Islam and Christianity in Prophecy
by Tim Roosenberg with Tim Lale, Hagerstown, MD: Review and Herald, 2011.
This book comprises the latest in a series of books and articles dealing with Daniel 11, and has 14 chapters and four appendices of which the first one is the most significant, as it includes a comparison of Daniel 11:2–12:4 with historical events. The main thrust of the book, as the title indicates, shows that Daniel 11 mainly describes a history of the wars between Christianity and Islam. Putting aside the issue of Islam for the moment, the book contains some excellent material on the Sabbath, the state of the dead, and the Second Coming. This manuscript is basically an evangelistic book with appendix C, “A Gospel Appeal,” as the altar call at the end of the evangelistic series. I commend the author for his adherence to the basic Adventist doctrines and for the evangelistic emphasis in the book.
Roosenberg’s basic outline of Daniel 11 is found on pages 203–212:
- Verses 2: Media-Persia
- Verses 3, 4: Greece
- Verses 5–19: Wars between the Seleucids and the Ptolemies
- Verses 20–22: Romans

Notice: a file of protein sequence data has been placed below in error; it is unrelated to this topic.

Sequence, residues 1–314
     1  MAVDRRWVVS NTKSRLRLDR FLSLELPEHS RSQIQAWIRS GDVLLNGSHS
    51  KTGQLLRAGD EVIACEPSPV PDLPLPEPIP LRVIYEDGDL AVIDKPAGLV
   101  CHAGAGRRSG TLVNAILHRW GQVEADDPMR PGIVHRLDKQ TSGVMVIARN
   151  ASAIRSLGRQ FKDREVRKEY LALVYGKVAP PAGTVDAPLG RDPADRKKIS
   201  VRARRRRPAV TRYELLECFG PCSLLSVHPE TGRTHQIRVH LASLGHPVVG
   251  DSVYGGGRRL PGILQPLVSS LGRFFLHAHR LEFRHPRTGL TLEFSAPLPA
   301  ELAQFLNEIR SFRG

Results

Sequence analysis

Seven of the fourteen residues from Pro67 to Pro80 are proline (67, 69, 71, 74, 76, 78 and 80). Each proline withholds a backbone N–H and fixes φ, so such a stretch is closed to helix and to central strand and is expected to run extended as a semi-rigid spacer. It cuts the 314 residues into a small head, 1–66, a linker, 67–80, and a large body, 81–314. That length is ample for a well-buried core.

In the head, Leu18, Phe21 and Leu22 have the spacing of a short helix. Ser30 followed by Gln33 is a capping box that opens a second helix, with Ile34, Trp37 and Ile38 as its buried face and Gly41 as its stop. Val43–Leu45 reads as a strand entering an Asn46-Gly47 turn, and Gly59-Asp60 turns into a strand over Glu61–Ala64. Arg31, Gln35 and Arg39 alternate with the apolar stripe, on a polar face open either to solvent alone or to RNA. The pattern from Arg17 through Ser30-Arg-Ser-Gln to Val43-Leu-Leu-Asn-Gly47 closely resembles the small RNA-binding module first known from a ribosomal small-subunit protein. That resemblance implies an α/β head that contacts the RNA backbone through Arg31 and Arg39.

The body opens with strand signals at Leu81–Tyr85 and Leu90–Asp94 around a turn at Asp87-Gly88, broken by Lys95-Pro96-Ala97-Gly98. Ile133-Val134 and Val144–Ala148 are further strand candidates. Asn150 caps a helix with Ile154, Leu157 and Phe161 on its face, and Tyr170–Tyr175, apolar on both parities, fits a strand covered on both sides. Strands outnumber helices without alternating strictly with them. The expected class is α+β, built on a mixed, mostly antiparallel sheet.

- Verses 23, 24: Rise of the papacy
- Verses 25–28: Crusades (First conflict between Christianity and Islam)
- Verses 29–39: Second conflict between Christianity and Islam during the time of the Reformation
- Verses 40–45: Third and future conflict between Christianity and Islam
This outline presents a number of problems. Two of which are the following:*
1. On page 12, Roosenberg claims that Daniel 11 predicts three holy wars between Christianity and Islam. The first he sees in the Islamic conquest and the Crusades. However, when he comes to the text in Daniel 11:25–28 (207), he finds no room for the Islamic conquest and begins with the Crusades. Therefore, page 91 calls the Crusades the “first conflict between the papacy and Islam.” This is historically problematic. If Daniel 11 describes the wars between Christianity and Islam, then it does not mention the most important war in the past—the Islamic conquest in the seventh and eighth centuries a.d. that wiped out Christianity in the Middle East. If Daniel 11 deals with the conflict between Christianity and Islam, why have others ignored the greatest conflict?
2. Much of the interpretation of Daniel 11 is based on subjective conjectures rather than exegesis. Roosenberg claims that the prophecies in Daniel are historically sequential (13), for example, nations or events follow each other chronologically, as they do in Daniel 2, 7, and 8. Yet, he has the Crusades (1095–1291) in verses 25–28 (207) with the events in 11:31 (“taking away of the daily” and “setting up the abomination of desolation”) taking place 500 years before the Crusades in 11:25–28. His interpretation destroys the chronological sequence of the prophecy at this point.
Roosenberg’s book on Daniel 11 shows an interesting interpretation of one of the most difficult chapters in the Bible, but the book is by no means exegetically as solid as it claims.
—Reviewed by Gerhard Pfandl, PhD, retired associate director, Biblical Research Institute, Silver Spring, Maryland, United States.